How can we capture the qualities of places remote from our everyday lives? What visual stories might we create to tell of our engagements with these beautiful and challenging environments?
PhotoAccess is proud to offer a very special workshop exploring these questions. Led by local observational filmmaker and photographer Natasha Fijn, this workshop offers a rare opportunity to experience and photograph Plumwood Mountain, a unique bush retreat in the dense temperate rainforest to the south-east of Braidwood.
Plumwood Mountain is a conservation property abutting the Budawang and Monga National Parks. For over thirty years, the internationally recognised environmental philosopher Val Plumwood lived in a stone cottage in a clearing in the forest, producing works that challenge us to re-imagine our relationships with the more-than-human world. Today, an independent conservation organisation manages Plumwood Mountain to protect its diverse ecology and to carry on Val Plumwood’s call for us to learn and share the importance of such places. As one of the property’s stewards, workshop tutor Natasha Fijn has an intimate knowledge of its history and ecology, as well as extensive experience capturing its qualities through still and moving imagery.
In this workshop, you’ll explore how to create a visual narrative expressing your experience of Plumwood Mountain. You’ll learn how to integrate the use of your camera with observation and investigation of the more-than-human world, while developing skills in conceptualising and realising a series of images incorporating a sense of place. You’ll work towards producing an engaging visual story – either a photo-essay or short film – that captures your encounter with this incredible forest environment.
This workshop will run over three sessions, centred on a day-long Saturday field trip on Plumwood Mountain. For this excursion, we’ll meet in Braidwood and then travel around 25 kilometres to the property. The day will begin with a walk up a bush track to Val’s stone cottage, with stops along the way for taking images. After morning tea , we’ll explore the clearing around the cottage and then walk to a lookout with a view towards the South Coast. A highlight will be our journey down to a dense grove of Plumwood trees, investigating the special interrelationship between the forest canopy and the tree ferns upon which the tall trees rely.
‘The country of my heart lies along the high forested escarpment that edges the coastal mountains of southern New South Wales. It is a rugged country still mostly unwounded by humans, keeping that extraordinary blending of landforms with life communities that marks long evolutionary adaptation’ . Val Plumwood, 2004.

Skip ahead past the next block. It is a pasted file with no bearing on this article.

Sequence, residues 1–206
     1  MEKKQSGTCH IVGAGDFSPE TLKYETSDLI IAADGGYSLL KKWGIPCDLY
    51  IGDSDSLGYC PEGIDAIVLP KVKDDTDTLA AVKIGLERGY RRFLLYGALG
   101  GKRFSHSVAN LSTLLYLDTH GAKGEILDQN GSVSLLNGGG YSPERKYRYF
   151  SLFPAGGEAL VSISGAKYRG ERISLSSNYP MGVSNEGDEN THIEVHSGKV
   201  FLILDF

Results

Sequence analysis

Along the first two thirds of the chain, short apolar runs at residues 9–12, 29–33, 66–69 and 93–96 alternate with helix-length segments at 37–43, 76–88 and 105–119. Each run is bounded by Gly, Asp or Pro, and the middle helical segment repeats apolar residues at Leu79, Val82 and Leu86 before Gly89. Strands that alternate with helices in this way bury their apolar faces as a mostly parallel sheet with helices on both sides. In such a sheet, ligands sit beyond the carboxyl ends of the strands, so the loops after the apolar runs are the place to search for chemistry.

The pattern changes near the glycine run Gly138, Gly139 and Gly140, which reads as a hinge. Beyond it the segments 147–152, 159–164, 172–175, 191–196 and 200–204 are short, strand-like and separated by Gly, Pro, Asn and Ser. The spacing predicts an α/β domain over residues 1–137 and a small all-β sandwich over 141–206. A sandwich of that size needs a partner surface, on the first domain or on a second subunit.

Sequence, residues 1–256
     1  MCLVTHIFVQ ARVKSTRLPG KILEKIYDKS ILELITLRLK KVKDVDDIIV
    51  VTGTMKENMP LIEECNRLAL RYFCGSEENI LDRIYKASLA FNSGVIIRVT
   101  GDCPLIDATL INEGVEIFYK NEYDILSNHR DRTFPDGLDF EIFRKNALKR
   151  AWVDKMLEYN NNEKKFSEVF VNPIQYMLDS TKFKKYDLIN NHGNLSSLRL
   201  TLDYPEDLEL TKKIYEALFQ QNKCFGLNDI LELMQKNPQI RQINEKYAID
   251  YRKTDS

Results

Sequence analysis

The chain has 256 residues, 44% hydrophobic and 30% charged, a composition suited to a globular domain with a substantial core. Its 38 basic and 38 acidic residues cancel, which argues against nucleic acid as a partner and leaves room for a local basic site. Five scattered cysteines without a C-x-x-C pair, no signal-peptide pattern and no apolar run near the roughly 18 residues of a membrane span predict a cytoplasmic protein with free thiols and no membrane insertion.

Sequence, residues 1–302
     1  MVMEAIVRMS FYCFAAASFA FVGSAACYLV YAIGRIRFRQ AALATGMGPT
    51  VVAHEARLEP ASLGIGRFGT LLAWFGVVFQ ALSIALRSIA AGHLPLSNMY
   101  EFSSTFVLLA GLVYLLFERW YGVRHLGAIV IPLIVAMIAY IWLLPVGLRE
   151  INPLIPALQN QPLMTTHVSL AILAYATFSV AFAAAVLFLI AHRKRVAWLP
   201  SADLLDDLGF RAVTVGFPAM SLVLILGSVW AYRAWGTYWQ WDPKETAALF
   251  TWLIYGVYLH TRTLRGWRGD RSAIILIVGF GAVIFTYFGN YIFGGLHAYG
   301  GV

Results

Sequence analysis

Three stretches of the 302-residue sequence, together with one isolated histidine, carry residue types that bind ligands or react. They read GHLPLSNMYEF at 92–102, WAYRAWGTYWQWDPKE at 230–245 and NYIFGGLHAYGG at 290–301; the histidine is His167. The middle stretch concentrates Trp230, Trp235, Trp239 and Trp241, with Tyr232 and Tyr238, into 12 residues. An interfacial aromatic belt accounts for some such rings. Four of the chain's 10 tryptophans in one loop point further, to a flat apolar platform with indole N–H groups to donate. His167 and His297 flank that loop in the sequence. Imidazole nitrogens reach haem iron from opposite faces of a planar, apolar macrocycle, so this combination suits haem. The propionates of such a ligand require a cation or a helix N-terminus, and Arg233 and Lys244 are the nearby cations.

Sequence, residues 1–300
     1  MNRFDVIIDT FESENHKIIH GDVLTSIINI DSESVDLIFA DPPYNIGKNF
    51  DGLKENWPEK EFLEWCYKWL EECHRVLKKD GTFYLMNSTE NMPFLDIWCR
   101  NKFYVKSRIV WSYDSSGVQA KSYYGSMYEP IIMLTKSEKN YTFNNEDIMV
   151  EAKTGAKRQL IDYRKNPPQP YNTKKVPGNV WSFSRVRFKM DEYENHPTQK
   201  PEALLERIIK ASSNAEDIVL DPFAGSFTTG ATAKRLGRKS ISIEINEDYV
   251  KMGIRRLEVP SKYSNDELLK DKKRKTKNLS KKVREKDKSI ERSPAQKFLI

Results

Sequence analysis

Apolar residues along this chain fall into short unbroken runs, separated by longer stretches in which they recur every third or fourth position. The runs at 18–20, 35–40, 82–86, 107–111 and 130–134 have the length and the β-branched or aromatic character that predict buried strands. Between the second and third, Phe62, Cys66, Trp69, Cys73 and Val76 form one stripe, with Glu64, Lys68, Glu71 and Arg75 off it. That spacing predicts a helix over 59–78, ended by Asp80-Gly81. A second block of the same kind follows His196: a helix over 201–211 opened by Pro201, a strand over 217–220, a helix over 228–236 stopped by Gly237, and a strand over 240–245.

Photographers and filmmakers comfortable with using their cameras will enjoy this workshop. You will need to be at least 16 years old. For the Plumwood field trip, some degree of fitness is required as you’ll need to be able to walk around in the bush for around 6km with some inclines.
Session One | PhotoAccess
Thursday, 28 November, 6:00 – 7:30 pm
Session Two | Field Trip (Meet at Braidwood)
Saturday, 30 November, 9.30 am – 4.30 pm (approximately)
Session Three | PhotoAccess
Saturday 7 December, 1.00 -4.00 pm
Enrolments for this workshop close at 12pm, Tuesday 26 November, 2019.
For this workshop, you’ll need:
You may like to also bring along a tripod, filters and/or lenses with focal lengths varying from wide angle to telephoto.
Please remember that it will not be possible to charge batteries, etc, at Plumwood Mountain and you will need to be able to comfortably carry your equipment.
Further information on the Plumwood Mountain field trip will be provided at the first workshop session. For the field trip, you will need to wear stout boots or shoes, long pants and a shirt with sleeves, and bring a hat, sunscreen and water bottle. It will be cool under the forest canopy so please also bring something warm to wear.
We’ll provide you with a notebook and pencil, and morning and afternoon teas.
Dr Natasha Fijn is a filmmaker, photographer and ethnographic researcher, whose visual practice draws on anthropological techniques of participant observation. She has worked in a range of remote places, including the Khangai Mountains of Mongolia, the mountains of New Zealand and in Arnhem Land in northern Australia, researching, filming and editing projects that explore the inter-relationships between people and animals. Natasha is currently the president of the conservation organisation caring for Plumwood Mountain.
Natasha has produced several independent documentaries, showing them in numerous national and international film festivals and conferences, as well as contributing to projects for the BBC Natural History Unit, Green Umbrella Productions and Natural History New Zealand. From 2010-15, Natasha taught the Visual Culture Research Masters Program at the Australian National University.
You can see some of Natasha’s work at: http://fijnfilms.squarespace.com
Image: Natasha Fijn in a Plumwood forest in Tasmania, 2016. Julian Laffan.